With so much personal information moving back and forth, it’s no surprise that fraud is on the rise. You can minimize your risks by managing your personal information wisely. The best defense against fraud begins with you, and one of the best ways to protect yourself is to become familiar with how fraudsters operate.
Protect your personal information
• One of the best things you can do to protect your accounts is to review your information online every day, and confirm all transactions are correct.
• Limit where your email address is used to decrease spam and the possibility you’ll receive a phishing email.
• Do not input personal information, user names or passwords at public computers unless you are certain the computer’s preferences have been set up correctly, and haven’t been infected with a virus or spyware.
• Order your credit report once a year from each of the three credit bureaus at AnnualCreditReport.com to check for inaccuracies and fraudulent use of your accounts.
• Keep your statements, checks, etc. in a safe (locked) place.
Know who you are dealing with
• Never reply to email or pop-up messages asking for your personal or financial information; never click on a link in a message you are unfamiliar with.
• When accessing a website referenced in an email or online, be sure that you know the e-mail sender and the website noted. If you are unsure, do not click a link. Instead, retype the website address in your browser to access the site directly.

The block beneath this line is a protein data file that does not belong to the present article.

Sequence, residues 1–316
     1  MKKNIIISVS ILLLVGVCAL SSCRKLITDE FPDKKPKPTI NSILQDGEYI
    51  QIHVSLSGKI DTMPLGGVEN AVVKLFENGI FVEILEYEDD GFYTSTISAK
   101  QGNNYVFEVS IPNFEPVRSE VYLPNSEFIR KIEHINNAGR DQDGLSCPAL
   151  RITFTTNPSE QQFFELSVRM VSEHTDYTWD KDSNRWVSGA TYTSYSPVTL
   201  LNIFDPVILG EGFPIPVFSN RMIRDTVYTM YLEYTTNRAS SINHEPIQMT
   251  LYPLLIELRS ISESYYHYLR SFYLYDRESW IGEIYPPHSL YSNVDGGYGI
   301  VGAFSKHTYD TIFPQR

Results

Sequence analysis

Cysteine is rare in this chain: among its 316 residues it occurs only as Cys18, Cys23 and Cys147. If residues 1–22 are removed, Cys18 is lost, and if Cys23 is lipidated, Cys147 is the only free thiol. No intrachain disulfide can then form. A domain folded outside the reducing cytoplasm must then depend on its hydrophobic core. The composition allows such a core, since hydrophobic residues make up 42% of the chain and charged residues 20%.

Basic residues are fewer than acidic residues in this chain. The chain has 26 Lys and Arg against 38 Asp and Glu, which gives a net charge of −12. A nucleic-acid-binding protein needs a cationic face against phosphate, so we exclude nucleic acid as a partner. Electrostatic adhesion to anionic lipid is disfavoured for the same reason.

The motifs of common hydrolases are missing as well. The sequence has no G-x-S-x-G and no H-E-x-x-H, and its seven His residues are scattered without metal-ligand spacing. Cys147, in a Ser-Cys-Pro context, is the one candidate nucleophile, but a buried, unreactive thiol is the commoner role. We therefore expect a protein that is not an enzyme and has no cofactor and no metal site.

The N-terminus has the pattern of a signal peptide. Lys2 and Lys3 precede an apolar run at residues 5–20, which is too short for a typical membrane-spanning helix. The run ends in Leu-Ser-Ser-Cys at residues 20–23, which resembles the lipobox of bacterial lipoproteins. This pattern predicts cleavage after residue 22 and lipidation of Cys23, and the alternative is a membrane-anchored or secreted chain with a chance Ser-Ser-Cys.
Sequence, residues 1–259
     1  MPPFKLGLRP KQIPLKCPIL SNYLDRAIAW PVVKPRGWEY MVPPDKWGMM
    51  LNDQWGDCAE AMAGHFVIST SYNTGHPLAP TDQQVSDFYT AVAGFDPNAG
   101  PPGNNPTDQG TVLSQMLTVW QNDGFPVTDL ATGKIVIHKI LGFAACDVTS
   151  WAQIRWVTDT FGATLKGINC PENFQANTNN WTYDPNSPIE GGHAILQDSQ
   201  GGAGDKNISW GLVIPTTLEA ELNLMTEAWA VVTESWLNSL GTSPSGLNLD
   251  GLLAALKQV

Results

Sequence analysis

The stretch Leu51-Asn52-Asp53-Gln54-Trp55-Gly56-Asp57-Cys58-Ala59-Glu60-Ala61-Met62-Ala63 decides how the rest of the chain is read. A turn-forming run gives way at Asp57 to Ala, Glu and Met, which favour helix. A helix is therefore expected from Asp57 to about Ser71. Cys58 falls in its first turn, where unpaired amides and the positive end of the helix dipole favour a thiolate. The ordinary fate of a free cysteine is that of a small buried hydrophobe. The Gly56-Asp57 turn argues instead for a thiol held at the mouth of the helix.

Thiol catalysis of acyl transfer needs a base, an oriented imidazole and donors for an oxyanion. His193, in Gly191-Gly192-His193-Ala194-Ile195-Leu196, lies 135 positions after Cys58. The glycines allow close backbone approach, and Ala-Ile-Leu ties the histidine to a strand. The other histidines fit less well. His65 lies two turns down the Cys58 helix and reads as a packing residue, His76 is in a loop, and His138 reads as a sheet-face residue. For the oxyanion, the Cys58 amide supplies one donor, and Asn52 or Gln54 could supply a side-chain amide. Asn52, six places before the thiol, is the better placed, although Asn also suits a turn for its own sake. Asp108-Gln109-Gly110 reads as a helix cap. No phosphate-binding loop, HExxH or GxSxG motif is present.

• Never give personal information on the phone unless you know for certain who is calling. We will never call and ask for your account number or card numbers.
Make sure your systems are set up properly and updated
• Use a firewall if you access the Internet by cable or broadband.
• Use regularly updated anti-virus and anti-spyware software.
• Make sure your wireless network is set up correctly. Read your user manual and don’t assume the default settings are protecting you.
• The importance of picking a good, secure password can’t be emphasized enough. The simpler a password format is, the easier it is for someone to figure out.
• The best passwords are at least 8 characters in length and use a combination of numbers, special characters, and upper and lowercase letters.
• Do not write your password anywhere. A password you write down is as good as having no password at all.
• Change your passwords often.
Information to Help Keep You Safe
Visit the Federal Trade Commission’s Identity Theft Site. It’s an excellent resource to help businesses and consumers deter, detect, and defend against identity theft.
Report Suspicious Activity. If you suspect your ATM card, checks, or credit card have been lost, stolen, or compromised you should report this information to First Ohio immediately. You should also contact us immediately if you receive suspicious email messages appearing to come from First Ohio.